Handling Conflict with Reference Constraint When Deleting a Record

I am trying to find the best way to provide a message to the user that a record cannot be deleted because it is being referenced in another Entity.

Entities Example:

Entity A 



Entity B




Currently, an exception will be thrown if delete is attempted to a record on Entity A that is being referenced on Entity B. Using the Protect rule, which is the rule that I need. However, that exception is not user-friendly and most users will not understand what the issue is. 

I am thinking of performing a query to the database to see if the record is being referenced on any other tables and then raising a custom exception on a "Delete" Serve Action inside the producer module that will contain a message like "Record X cannot be deleted because it is being referenced from record Y on Entity B".

Are there any issues with that approach? or is there a better way to handle this situation?

I am looking forward to hearing what everyone else thinks.


Hi Spiros,

speaking as a user, I prefer to see in advance that it is futile to try and delete something.

You could retrieve information about any related B entities in the Aggregate that retrieves the A entity.  If for example you have a screen with a table records showing A records, and a delete button in each row, you could either disable the delete button or style it differently, so that a habitual user of your app immediately understands that he can't delete it.  If possible add info about the reason why it can't be deleted so the less frequent users of your application also get it.

So I had a quick try, let's say your A is my Person entity and your B is my Request entity, what I did :

I have a list of people, in the aggregate, instead of just retrieving Person, I joined with Request, grouped by all Person attributes, and added the count of request id.  (make sure the join is a "with or without", you want all persons showing up, even if they don't have requests)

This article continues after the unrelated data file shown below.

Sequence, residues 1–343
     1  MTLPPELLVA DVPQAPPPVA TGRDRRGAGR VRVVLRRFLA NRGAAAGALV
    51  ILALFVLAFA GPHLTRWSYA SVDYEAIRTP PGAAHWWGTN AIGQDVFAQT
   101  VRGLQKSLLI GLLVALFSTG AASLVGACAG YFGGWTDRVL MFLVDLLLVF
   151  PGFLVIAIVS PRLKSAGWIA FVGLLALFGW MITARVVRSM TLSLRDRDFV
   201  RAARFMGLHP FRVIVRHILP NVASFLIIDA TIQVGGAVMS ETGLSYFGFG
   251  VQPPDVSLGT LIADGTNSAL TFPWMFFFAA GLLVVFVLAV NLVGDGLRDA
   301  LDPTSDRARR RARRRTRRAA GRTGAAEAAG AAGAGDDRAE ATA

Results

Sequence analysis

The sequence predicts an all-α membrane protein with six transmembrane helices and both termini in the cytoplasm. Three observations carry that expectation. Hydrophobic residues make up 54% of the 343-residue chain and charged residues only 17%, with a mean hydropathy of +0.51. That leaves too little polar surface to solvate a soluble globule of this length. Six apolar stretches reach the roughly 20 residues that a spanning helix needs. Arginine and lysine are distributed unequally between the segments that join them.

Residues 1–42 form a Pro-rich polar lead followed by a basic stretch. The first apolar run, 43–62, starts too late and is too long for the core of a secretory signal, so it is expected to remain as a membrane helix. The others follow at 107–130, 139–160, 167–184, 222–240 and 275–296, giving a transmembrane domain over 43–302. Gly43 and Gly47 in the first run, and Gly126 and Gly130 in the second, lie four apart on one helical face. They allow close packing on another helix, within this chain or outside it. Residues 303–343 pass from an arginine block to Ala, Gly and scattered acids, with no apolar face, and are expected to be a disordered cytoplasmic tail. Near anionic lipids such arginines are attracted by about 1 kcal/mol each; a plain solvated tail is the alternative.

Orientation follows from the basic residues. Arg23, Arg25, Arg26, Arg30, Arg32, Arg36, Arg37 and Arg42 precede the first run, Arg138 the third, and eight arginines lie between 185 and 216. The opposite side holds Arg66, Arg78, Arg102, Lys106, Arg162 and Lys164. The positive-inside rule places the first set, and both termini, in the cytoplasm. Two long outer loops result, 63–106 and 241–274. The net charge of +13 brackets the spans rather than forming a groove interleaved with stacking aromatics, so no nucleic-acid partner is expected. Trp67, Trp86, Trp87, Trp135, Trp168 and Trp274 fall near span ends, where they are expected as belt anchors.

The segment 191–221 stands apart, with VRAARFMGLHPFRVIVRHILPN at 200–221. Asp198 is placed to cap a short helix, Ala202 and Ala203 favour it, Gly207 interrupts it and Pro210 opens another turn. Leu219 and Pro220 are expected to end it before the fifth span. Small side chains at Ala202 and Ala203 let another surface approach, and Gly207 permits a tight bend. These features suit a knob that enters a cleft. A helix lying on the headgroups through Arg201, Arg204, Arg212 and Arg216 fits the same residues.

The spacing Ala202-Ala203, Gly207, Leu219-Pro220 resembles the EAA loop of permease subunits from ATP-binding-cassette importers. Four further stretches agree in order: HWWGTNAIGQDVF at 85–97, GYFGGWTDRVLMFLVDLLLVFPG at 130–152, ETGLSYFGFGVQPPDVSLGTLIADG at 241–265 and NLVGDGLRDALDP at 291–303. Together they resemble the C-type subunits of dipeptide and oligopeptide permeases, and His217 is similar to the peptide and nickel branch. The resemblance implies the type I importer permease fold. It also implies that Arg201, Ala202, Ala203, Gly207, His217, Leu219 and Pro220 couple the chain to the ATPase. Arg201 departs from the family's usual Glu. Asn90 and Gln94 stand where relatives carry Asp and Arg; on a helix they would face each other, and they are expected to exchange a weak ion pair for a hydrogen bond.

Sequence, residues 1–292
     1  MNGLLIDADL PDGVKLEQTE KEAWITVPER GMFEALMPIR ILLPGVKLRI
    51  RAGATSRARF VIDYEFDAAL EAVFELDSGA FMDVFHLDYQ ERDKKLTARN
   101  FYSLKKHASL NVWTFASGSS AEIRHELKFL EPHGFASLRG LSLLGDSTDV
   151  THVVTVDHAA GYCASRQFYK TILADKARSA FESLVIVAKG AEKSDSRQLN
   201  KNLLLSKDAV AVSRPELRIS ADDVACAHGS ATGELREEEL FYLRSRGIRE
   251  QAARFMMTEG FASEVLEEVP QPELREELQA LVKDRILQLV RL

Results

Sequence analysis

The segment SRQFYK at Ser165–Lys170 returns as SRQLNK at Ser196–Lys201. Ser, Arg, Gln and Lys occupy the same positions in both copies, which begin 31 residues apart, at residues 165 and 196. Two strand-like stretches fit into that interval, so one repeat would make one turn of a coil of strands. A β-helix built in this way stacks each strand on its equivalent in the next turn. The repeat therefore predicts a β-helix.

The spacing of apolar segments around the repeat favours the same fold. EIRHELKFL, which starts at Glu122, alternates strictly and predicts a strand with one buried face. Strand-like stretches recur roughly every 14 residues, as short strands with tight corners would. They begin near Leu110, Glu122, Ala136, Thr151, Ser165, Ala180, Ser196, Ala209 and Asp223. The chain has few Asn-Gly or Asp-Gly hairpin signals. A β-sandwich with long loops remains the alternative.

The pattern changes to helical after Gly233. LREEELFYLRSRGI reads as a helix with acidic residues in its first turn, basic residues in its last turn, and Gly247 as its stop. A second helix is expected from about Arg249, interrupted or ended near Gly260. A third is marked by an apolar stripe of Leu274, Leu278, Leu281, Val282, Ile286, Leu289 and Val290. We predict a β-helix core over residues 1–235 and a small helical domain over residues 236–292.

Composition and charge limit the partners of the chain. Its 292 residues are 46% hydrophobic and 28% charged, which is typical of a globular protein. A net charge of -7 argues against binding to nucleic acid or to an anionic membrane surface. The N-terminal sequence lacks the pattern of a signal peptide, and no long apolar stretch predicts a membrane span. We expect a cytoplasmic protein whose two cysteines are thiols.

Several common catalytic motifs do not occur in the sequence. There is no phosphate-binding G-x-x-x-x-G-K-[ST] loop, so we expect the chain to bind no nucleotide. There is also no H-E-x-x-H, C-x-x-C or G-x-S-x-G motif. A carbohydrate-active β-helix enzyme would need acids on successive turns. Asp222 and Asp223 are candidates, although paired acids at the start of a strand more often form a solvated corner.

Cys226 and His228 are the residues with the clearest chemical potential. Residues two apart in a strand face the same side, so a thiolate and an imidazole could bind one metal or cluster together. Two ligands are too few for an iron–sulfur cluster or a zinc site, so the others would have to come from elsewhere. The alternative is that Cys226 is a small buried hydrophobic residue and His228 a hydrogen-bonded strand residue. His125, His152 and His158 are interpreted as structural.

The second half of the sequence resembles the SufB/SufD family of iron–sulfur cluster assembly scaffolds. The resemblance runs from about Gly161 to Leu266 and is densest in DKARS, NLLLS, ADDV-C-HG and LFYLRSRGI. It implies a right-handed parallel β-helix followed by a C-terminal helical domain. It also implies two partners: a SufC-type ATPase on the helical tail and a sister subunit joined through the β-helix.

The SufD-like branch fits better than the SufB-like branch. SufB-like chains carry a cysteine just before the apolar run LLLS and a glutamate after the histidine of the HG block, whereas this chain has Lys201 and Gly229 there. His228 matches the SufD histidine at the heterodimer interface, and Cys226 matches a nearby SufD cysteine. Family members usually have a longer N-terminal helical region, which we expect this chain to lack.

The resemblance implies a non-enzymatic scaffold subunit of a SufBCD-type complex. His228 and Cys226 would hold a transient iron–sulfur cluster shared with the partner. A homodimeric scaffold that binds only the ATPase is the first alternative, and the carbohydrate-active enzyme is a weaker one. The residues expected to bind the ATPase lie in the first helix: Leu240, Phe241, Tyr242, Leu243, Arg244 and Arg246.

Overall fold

I have a column in the table records for the delete button with an IF widget in that column, with condition 

PersonTable.List.Current.Count = 0

In the True branch goes the Delete button, in the False Branche goes whatever you want to show for a person that can't be deleted.  For this i just went for an empty button, with a balloon on the hover, explaining why that person can't be deleted, and a link that will take the user to the requests that are preventing the delete.

Result looks like this :

And when hovering over the button in Paul's row the balloon shows the reason + a link to go and deal with those 3 requests :

Personally, I think those empty buttons look odd, but this was just a quick test, the point is to give a visual cue to the user that he shouldn't even attempt to try a delete on that person.  A balans has to be struck between giving enough information versus not overcrowding your screen with stuff that is irrelevant to anybody using the screen for other reasons that to delete people.

Hope this gives you some ideas to play around with,



Thanks Dorine! 

That is a good idea, I was thinking of something like that, but I thought I had to do an extra call to the database as part of the validation before submitting the request. I didn't know you can pull the count on the same call/aggregate.  Pretty cool.